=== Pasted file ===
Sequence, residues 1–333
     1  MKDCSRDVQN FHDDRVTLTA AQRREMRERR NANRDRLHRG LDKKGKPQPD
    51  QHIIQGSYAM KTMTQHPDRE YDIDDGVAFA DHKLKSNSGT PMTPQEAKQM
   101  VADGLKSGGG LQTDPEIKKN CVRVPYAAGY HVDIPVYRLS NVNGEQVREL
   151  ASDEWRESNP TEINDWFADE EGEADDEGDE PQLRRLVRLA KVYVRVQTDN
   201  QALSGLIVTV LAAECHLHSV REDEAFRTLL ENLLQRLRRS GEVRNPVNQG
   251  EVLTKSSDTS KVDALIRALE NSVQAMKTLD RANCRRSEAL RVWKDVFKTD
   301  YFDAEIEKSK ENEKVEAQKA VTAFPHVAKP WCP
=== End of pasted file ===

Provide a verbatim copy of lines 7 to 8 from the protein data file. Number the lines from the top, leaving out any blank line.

   251  EVLTKSSDTS KVDALIRALE NSVQAMKTLD RANCRRSEAL RVWKDVFKTD
   301  YFDAEIEKSK ENEKVEAQKA VTAFPHVAKP WCP